New GST Rules for Accommodation and Transportation Services Provided by Digital Platforms

The Taxation Bill (Annual Rates for 2022-23, Platform Economy and Remedial Questions)

The recently introduced Taxation Bill (Annual Rates for 2022-2023, Platform Economics and Remedial Matters) focused primarily on the proposal to impose GST on fees charged by managed funds and KiwiSaver suppliers. This proposal was withdrawn from a later version of the bill. However, the bill still introduces a similar substantive proposal: imposing GST on accommodation and transportation services provided through certain digital platforms and requiring the platform provider (rather than the underlying provider) to account for the GST.

Proposal

Digital platforms work by connecting buyers to suppliers. The services are provided to the buyer by the underlying supplier, the digital platform being an intermediary in the supply via its website or application.

Under current law, the application of GST depends on whether the underlying supplier is registered for GST or not. In many cases, the underlying suppliers – the owner of a holiday home for example – may not be GST registered if the value of what they supply falls below the threshold for GST registration of NZ$60,000. In this case, no GST applies.

The bill proposes to change this position by extending the existing GST e-marketplace rules to accommodation and certain transport services provided in New Zealand, from 1 April 2024. The bill proposes that digital platform operators will pay GST on supplies of “listed services” on behalf of underlying suppliers. The operator of the digital platform will be considered to be providing the services provided to buyers through their digital platforms, instead of the underlying suppliers.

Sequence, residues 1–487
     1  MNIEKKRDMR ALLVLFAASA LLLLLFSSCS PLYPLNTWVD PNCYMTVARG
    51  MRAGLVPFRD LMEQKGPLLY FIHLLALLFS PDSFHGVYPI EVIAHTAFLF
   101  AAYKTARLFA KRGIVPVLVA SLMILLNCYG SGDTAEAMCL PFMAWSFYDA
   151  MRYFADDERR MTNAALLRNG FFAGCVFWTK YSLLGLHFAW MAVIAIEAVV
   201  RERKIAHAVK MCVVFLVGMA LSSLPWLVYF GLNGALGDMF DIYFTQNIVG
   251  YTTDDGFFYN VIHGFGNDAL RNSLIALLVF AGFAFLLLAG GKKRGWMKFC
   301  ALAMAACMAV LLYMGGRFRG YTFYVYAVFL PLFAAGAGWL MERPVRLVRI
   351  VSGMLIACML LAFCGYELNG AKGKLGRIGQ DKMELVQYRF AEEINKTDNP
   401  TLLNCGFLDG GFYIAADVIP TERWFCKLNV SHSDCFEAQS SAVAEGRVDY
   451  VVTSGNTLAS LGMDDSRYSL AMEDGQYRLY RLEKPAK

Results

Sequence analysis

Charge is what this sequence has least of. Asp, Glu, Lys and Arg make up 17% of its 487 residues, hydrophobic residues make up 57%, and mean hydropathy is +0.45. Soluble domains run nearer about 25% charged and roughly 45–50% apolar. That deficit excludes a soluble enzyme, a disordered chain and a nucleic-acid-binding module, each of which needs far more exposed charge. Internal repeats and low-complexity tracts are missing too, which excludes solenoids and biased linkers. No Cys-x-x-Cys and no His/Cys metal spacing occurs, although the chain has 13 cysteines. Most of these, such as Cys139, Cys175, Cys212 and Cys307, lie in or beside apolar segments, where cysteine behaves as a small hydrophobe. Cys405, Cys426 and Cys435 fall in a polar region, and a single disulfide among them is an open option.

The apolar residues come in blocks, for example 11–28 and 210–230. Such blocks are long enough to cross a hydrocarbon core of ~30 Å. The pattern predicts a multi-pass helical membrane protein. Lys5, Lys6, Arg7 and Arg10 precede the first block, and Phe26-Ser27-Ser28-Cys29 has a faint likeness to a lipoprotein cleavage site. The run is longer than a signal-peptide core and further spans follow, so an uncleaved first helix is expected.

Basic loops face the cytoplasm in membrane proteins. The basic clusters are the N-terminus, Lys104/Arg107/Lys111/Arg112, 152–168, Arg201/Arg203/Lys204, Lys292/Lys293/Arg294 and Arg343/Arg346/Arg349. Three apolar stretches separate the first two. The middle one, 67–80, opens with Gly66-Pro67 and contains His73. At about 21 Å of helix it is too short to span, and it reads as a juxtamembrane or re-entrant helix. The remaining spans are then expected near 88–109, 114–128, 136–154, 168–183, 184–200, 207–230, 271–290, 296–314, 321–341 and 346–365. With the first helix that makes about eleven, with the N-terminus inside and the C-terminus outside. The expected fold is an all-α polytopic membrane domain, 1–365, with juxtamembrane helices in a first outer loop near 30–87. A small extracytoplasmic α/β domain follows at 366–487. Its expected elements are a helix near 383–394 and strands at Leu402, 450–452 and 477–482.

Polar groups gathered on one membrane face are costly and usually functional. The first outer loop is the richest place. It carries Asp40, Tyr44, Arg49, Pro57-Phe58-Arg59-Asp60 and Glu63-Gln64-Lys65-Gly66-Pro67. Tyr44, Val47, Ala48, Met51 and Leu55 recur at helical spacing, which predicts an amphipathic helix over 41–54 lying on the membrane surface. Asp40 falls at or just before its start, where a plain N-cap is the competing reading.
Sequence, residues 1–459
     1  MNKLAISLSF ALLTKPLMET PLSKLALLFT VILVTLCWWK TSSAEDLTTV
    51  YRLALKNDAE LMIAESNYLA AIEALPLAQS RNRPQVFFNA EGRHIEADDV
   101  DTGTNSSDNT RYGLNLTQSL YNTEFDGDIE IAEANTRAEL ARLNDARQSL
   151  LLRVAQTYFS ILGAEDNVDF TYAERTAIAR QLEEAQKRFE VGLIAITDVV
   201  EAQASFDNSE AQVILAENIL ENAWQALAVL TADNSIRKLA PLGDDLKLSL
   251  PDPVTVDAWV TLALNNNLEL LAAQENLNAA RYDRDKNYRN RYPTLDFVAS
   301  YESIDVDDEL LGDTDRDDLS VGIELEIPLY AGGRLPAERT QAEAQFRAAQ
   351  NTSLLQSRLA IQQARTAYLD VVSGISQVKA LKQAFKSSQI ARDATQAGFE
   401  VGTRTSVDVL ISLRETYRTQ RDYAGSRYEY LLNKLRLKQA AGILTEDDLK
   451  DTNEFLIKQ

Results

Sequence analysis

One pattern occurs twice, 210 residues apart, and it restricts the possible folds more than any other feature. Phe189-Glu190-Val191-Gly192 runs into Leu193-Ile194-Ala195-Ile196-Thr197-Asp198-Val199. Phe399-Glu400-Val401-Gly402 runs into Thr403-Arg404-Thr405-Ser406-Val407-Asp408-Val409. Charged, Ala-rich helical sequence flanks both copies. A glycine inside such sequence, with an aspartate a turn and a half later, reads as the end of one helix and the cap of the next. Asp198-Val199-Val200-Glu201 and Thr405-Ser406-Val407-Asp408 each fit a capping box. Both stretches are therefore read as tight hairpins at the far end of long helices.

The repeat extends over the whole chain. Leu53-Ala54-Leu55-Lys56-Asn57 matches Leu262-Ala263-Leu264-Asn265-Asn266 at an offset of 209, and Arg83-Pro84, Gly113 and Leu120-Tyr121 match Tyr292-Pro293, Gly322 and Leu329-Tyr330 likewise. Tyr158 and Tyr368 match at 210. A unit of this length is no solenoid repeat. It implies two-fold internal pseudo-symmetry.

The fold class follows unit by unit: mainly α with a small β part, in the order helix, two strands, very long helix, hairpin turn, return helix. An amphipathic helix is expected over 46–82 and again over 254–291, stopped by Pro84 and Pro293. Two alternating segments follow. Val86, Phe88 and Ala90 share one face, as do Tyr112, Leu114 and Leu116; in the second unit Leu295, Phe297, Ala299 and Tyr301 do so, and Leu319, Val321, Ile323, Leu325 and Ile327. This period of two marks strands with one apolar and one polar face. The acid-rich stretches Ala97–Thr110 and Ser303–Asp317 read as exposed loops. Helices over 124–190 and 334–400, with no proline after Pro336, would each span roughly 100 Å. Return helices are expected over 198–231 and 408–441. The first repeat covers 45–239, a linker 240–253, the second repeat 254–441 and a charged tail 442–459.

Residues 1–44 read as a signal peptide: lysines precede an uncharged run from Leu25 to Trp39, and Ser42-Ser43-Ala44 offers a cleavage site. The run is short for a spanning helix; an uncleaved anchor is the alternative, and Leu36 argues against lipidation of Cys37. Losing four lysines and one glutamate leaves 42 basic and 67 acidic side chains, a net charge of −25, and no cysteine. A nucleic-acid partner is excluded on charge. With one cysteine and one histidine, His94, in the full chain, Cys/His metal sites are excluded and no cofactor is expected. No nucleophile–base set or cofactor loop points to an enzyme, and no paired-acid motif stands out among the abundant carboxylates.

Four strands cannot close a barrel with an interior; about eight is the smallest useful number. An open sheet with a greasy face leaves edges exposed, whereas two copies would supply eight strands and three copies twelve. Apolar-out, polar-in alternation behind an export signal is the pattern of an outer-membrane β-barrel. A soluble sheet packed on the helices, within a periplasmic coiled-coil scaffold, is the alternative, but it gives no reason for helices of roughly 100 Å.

“Listed services” are defined in the Bill as including a supply of accommodation services in New Zealand, a supply of transport services in New Zealand in the form of carpooling services and beverage delivery services and food, as well as other services that are closely related to these listed services.

Large commercial accommodation companies that list at least 2,000 nights of accommodation per year through a digital platform can enter into written agreements with operators to “opt out” of the proposed rules. These large commercial hosting providers would remain responsible for collecting and reimbursing GST on the hosting services they provide if they opt out.

The approach follows a similar rule already introduced which imposes GST on foreign suppliers of certain remote services (such as a Netflix subscription) or low value orders supplied to New Zealand consumers.

The impact on the underlying providers

Suppliers registered for GST will not be required to return GST as it will be collected and paid by the operator of the digital platform. GST-registered suppliers will, however, continue to claim GST on their costs in the usual manner (there will be a deemed zero-rated supply by the supplier to the operator of the digital platform, to facilitate the supplier’s continued recovery of GST ).

For underlying providers that are not registered for GST, the online platform operator will be required to charge 15% GST on the relevant services. These supplies are currently not subject to GST. Underlying suppliers that are not GST registered have two options to mitigate the cost of this new GST:

  • They can voluntarily register for GST, in which case they can recover GST on their fees; Where